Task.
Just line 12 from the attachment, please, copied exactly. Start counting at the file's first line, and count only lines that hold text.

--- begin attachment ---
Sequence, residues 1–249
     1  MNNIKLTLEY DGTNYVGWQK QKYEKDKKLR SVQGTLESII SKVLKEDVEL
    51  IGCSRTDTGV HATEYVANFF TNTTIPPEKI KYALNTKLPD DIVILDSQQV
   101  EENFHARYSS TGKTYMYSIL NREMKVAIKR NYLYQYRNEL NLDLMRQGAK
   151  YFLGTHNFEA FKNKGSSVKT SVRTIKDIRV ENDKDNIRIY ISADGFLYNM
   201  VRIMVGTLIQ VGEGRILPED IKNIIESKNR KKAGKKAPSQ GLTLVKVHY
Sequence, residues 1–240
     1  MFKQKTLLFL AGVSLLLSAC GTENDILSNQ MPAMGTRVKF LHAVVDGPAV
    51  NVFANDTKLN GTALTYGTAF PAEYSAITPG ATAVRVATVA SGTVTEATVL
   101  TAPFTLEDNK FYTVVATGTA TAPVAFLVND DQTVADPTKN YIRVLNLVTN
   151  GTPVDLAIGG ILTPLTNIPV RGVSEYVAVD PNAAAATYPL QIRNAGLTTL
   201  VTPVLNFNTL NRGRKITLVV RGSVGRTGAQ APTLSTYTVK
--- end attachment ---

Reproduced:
   201  VTPVLNFNTL NRGRKITLVV RGSVGRTGAQ APTLSTYTVK